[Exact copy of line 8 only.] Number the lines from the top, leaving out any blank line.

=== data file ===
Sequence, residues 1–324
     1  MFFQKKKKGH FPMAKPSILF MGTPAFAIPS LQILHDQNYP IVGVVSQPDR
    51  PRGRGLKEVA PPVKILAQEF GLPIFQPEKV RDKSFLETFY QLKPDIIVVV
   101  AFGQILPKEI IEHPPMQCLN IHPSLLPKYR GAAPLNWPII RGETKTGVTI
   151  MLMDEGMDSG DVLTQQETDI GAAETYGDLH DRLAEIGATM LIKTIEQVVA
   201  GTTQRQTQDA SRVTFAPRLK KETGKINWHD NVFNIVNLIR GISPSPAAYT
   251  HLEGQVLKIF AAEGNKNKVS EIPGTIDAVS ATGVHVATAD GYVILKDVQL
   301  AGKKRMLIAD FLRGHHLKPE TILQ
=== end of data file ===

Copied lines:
   301  AGKKRMLIAD FLRGHHLKPE TILQ